Working life in the Tudor times was far from easy…
How would you like to spend your days hunting game or relaxing in your home, whilst teams of other people work off the land that you own and pay you rent?
This is the kind of existence that well-to-do men and women could look forward to on a day-to-day basis; ordering their servants about, whilst the land surrounding their safe, warm home was worked by peasants. There were, of course, plenty of administrative jobs in major cities, working for solicitors, the church or the government, but this kind of work often required a university education which cost a great deal and required a certain social standing…
Whilst the Tudor times were by no means easy for any level of it’s rigid class system, the poor arguably had the worst ride. With no welfare system to rely on and a worrying lack of civil rights, the poor had to work their hands to the bone in order to scrape together the most meagre of existences for themselves and their families.
Still – it was possible to work in these times, earn a living and pass down what little you have to your offspring, all that was required of you was a job. These Tudor occupations were undertaken by those of a lowly-class, they paid enough in food or coin to keep a family fed but always hungry:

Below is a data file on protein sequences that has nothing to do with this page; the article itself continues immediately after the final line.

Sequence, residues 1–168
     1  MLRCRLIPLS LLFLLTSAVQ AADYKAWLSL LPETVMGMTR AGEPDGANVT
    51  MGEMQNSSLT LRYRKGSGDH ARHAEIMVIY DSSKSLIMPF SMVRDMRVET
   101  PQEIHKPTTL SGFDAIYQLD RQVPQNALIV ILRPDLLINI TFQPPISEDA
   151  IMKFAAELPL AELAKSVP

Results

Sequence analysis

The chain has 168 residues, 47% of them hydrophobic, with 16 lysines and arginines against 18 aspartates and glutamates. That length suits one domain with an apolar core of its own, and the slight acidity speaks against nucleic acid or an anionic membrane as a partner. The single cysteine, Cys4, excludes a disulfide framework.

Farmer of Land
As a peasant farmer you were perhaps in the most stable of occupations, you would have a lease on a stretch of land which you’d farm, often with the aid of your family. Work would begin at the crack of dawn and would continue until sundown, a farmer’s livelihood depended on his farming skills, if he could not grow enough crops he would not be able to pay his rent and would be forced off his land.
The Tudor times were not what you’d describe as a clean time. Personal hygiene was less about physically cleaning oneself and more about wearing clean clothes – a job that was nigh on impossible for the town’s Gong Farmer. As far as BBQ cleaning business opportunities go this was the lowest of the low, the job involved shovelling the animal (and human!) manure from the open sewers of the streets.
Before the advent of plumbing and a centralised water system, the role of a water carrier was a vital one. During the Tudor times, water was both a life-giver and taker. The Tudors knew that they needed it to survive but it also often brought them illness and disease. A supply of fresh, clean water was much coveted and hard to come by. A fit, motivated water carrier could make a solid living by ferrying water day in-day out.
Despite the rustic nature of their attire, clothing was still important to the Tudors. Just like today, there were many highly-prized designers who were sought after for their elaborate creations. These designers sometimes created the clothes themselves but often, just like today, the manual labour was performed by skilled yet underpaid workers. A job as a weaver meant that you could work indoors, but often entailed long working hours.